You climbed through the ESEA ranks, and put in a lot of work, to make it where you are today. What would you tell all the CS players out there who are looking to replicate what you’ve been able to do?
Drone: Play a lot and don't be stubborn. When I solo queue now, it makes me sad to see how much the environment has changed. Being hard headed and completely closed off to advice or criticism from anyone is the worst thing you could do for yourself. You watch streams today of professional players giving advice and being argued with constantly, or insulted. Pugs are meant to be an environment to grow in and practice in, not to repeat the same mistakes over and over and assume you're in the right. Just play the game a lot, fix your mistakes, be open to criticism and be self aware and you'll be on the right road, promise.
Game knowledge is paramount to being a talented player, what game play element should a player master their understanding of to really improve their overall ability to win?
Drone: There's so many things you have to understand at once to become a player like a fallen or a coldzera, and that's what makes it so hard. Pinpointing one gameplay element to make you significantly better is difficult, but a large one is understanding rotations. If you know, to a degree, exactly what the other team is doing based off of the pressure your team is creating and the picks you get, it makes your life so much easier and lets you see openings you otherwise wouldn't know are there. There's things like metagame, playing to the strength/weaknesses of your opponents, exploiting tendencies, recognizing patterns and so much more that makes players like fallen and cold that much more impressive when you realize they have all these things mastered, understood and accounted for at any given moment. But rotations are a good place to start, and watching demos and noting teams rotations are a good place to start.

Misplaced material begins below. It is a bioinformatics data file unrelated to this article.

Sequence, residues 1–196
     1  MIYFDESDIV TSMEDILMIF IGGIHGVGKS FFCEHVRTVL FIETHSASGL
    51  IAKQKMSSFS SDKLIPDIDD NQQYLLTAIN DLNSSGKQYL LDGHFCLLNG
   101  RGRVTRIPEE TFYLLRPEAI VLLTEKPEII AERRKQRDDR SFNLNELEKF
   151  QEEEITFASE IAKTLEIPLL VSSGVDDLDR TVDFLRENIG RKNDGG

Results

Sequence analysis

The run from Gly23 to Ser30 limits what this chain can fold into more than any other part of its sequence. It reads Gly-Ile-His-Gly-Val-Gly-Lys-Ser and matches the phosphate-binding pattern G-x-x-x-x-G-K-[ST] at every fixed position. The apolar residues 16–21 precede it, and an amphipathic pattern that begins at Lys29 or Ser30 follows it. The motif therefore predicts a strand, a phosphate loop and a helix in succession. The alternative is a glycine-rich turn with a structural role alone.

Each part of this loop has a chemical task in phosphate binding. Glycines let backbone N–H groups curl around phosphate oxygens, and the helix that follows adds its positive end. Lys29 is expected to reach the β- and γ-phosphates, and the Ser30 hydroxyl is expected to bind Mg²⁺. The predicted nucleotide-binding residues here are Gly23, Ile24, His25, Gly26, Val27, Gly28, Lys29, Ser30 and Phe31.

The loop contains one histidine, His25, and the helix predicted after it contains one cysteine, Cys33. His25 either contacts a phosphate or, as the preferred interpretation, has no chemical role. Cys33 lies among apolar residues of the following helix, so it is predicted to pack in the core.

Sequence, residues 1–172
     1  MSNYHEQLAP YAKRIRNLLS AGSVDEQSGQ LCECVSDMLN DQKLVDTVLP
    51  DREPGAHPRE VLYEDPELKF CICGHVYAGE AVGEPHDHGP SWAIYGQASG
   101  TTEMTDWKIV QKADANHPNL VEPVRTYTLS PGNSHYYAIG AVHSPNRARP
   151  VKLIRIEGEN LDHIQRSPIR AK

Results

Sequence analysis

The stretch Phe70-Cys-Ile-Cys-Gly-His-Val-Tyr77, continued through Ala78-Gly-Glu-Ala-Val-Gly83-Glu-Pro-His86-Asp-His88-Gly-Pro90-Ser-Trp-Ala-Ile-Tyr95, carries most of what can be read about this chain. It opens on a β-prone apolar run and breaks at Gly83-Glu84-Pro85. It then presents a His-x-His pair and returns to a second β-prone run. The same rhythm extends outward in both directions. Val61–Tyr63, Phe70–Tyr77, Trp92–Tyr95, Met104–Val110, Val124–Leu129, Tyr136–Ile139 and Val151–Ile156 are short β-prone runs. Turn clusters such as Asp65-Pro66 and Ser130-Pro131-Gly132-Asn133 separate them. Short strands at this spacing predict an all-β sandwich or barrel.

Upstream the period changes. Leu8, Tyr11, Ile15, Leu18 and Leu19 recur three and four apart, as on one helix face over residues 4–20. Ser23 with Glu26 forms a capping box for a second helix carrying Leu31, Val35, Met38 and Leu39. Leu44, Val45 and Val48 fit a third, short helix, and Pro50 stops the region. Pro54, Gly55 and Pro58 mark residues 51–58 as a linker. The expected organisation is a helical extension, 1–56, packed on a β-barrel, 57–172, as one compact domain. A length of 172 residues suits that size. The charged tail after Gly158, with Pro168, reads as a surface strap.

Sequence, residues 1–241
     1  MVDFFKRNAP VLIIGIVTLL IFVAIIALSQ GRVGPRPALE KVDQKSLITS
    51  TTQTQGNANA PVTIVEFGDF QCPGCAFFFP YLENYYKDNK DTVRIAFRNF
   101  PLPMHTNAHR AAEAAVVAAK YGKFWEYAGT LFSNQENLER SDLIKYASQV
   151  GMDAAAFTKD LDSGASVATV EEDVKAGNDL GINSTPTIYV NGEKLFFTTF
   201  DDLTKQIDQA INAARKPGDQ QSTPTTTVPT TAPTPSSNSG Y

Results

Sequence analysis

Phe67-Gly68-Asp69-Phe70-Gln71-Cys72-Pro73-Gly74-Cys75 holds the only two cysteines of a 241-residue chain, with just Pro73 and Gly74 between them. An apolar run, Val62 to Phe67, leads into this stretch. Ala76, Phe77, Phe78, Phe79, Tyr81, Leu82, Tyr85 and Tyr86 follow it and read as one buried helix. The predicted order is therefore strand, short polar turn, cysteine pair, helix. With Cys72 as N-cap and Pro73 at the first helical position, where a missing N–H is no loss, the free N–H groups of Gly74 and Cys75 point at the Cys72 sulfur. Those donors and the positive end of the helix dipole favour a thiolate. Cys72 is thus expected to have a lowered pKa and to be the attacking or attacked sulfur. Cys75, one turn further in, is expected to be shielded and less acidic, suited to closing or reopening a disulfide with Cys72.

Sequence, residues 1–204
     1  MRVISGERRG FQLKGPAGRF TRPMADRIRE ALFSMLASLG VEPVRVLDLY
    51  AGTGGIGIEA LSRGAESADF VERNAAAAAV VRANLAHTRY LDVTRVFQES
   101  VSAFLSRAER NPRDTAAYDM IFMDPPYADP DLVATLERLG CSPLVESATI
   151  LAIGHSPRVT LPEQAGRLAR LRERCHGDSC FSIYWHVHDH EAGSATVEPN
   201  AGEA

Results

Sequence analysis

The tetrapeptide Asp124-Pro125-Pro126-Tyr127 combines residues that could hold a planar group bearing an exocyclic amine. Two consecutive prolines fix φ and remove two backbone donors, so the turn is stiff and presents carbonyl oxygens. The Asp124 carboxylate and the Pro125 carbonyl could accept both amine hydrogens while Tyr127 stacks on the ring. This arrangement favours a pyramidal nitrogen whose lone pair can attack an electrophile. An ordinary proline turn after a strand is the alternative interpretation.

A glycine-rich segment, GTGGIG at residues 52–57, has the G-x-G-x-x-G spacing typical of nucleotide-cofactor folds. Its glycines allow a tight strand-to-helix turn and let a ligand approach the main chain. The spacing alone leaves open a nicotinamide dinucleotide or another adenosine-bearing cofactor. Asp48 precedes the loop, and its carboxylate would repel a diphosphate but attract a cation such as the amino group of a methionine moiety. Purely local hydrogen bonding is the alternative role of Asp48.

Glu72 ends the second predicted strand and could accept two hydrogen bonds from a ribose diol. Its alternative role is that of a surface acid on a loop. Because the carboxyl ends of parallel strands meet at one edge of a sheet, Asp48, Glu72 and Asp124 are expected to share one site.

What are some in game changes you’d like to see made to CS:GO?
Drone: I'd like to see a change in the pistols. I know I sound like a broken record, but I still think certain pistols are a little bit too overpowered. I feel like if you see a situation in which a fully kitted player dies to a pistol and genuinely couldn't do anything about it (running headshots, jumping headshots, etc) it's a problem. I don't like the economy of a team being based on whether or not this guy with a p250 is going to get a little lucky when he jumps.
What’s your favorite map in the competitive rotation, and which one do you to see rotated in, in the future?
Drone: My favorite competitive map right now is cobblestone. I'd like to see a cache rework. That's not to say I dislike the map, but there's a number of problems with it and I think a reconstruction of it would be good. FPS problems, bugs with certain parts of the map, etc.
Who, if anyone, were you inspired by to pursue this path? Who should young players be watching for inspiration today?
Drone: When I first started, I looked up to n0thing a lot. He was the guy, at the time, that was young and good. He was playing professionally at some ridiculous age and I respect that and wanted to be like that. Nowadays though, professional players are younger and younger. Players like twistzz, stewie, elige, are all good inspirations.
Any final words or shout outs you’d like to offer?
Drone: Just keep playing and don't do anything to stunt your own growth. Those two things will lead you to a degree of success. Shout out to my organization, Splyce, for being so good to me and shoutout to all of our sponsors. And my family, specifically my near 80 year old grandmother who ritualistically watches my games and supports me.